Not Even Witherspoon, Firth Can Untangle ‘Devil’s Knot’

by Brett Steinbrink on June 24, 2014

in Blu-ray/DVD Reviews,Reviews

[Minor Rock Fist Down]

In the same way that the judge in Devil’s Knot (Available now on Blu-Ray and DVD) dismisses the inconsistent testimony of one young man accused of murder, its easy to dismiss Devil’s Knot for it’s huge number of inconsistencies and jumps in logic that disallow the viewer to get wrapped up in what is truly a compelling and gruesome narrative.

Directed by Atom Egoyan (Adoration, Where the Truth Lies), Devil’s Knot is based on the true story of the murder of three young boys from West Memphis, AR in 1993.  Reese Witherspoon stars as Pam Hobbs, the mother of one of the victims who struggles to make peace out of the fact that her son is dead.

When three teenage boys with interests in heavy metal music and the occult are outed as suspects in the murders, private investigator Ron Lax (Colin Firth) urges the law office he works for to take their case, and proceeds to attempt to prove their innocence.  From there, the film takes us through all the lies and deceits of random people within the town trying to help frame the young men because of their weird beliefs, and in the end, it’s revealed the real killer was never found.

Despite being anchored by Firth and Witherspoon, their capable performances can’t save a screenplay that is at best unorganized, and at worst entirely dysfunctional.  The problem here isn’t the story itself, but rather the fact that screenwriters Paul Harris-Boardman and Scott Derrickson have made a mess of the book by Mara Leveritt’s book of the same title.  The film doesn’t actually introduce Firth’s character until about half an hour into the movie.  He was onscreen, but you have no idea who he is because prior to his actual introduction, you see him doing such irrelevant things like bidding $21,000 on an antique desk, and having divorce papers in his car.

There’s even a scene later in the film where he meets with his soon-to-be-ex-wife so she can tell him he’s being investigated by the police department for trying to help the teenagers.  The problem here is indicative of the problems with the whole movie, in that they’re trying to give Firth’s characterization, and then not doing anything with it.  It isn’t actually ever made relevant for any reason that he’s getting divorced, and even when he meets her for lunch there doesn’t seem to be any sort of tension between them.

Additionally, at one point, Witherspoon’s character takes her missing/dead son’s math homework to school, interrupts his teacher in the middle of class, and asks her to grade his homework that hadn’t been handed in.  While maybe a grieving mother might do the same, she’s already a sympathetic character and this scene does nothing but make the viewer feel incredibly awkward, especially when a few of the children come up and group hug her.  It’s just plain weird, and it serves no purpose in advancing the plot of the film.

However, one thing I will give the film is its ability to poke fun at the religious majority screaming bloody murder and pointing to people who disagree with them to blame for an unexplained crime.  Throughout the film you hear lines about how the “satanic” teenagers are out to kill everyone in their crazy blood rituals or whatnot.  It’s easy to see the worst fears of this moral majority being realized on-screen, despite the total misdirection and innocence of the youth.  It brings to mind more storied images of the Salem, Massachusetts witch hunts, Aurhur Miller’s The Crucible, or Joe McCarthy’s ultimately pointless Communist-seeking HUAC of the 1950’s.  It’s a trope we’ve seen rehashed in real life and the creative arts time and again, and yet, it’s still relevant as ever, given recent uproars such as Benghazi or the constant scapegoating of video games or violent media and their effect on society.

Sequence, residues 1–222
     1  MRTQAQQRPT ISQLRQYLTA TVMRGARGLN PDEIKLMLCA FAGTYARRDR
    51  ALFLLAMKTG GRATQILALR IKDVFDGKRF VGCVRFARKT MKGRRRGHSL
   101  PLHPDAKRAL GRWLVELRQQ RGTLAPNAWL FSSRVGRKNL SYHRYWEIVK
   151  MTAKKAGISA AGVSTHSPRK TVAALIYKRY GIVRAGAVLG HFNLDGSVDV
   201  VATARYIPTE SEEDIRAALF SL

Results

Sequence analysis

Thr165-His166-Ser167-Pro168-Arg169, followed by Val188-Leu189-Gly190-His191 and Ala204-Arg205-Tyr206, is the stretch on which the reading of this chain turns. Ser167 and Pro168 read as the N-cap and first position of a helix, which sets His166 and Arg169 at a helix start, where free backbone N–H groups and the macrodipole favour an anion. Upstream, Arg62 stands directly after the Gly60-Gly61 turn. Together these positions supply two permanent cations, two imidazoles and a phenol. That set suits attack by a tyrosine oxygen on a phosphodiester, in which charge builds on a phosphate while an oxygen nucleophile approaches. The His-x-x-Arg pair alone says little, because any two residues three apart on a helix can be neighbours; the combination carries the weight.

Shifting gears, the special features of the DVD and Blu-Ray combo don’t offer much in the way of actual background on the real events of the murders.  There’s your typical “making of” documentary that reveals Egoyan’s initial draw to the script, and the fact that he made several changes to the script … which I am strongly wanting to equate with the disorganized lump of a film he ended up with (no scapegoat here, folks, he flat-out says it!).  There’s also a short featurette on the cast getting into character, mostly with Firth and Witherspoon discussing meeting the real people behind their characters (that is, Lax and Hobbs).  Also included are two pretty irrelevant deleted scenes.  They’re about as irrelevant as some of the scenes that did make the cut, so take that as you will.

The bottom line here is that despite Witherspoon and Firth acting their quite-talented asses off, it’s just not enough to untangle the mess that is Devil’s Knot.

Brett is a recent graduate of the University of Kansas, with dual degrees in Film & Media Studies and History. He enjoys watching sports, playing video games, and watching too many movies/television programs. If you’re looking for someone to quote “Friends” at you, give you a detailed outline of Franco-American foreign relations during the 1790’s, or make a lame pun… he’s probably your go-to guy.


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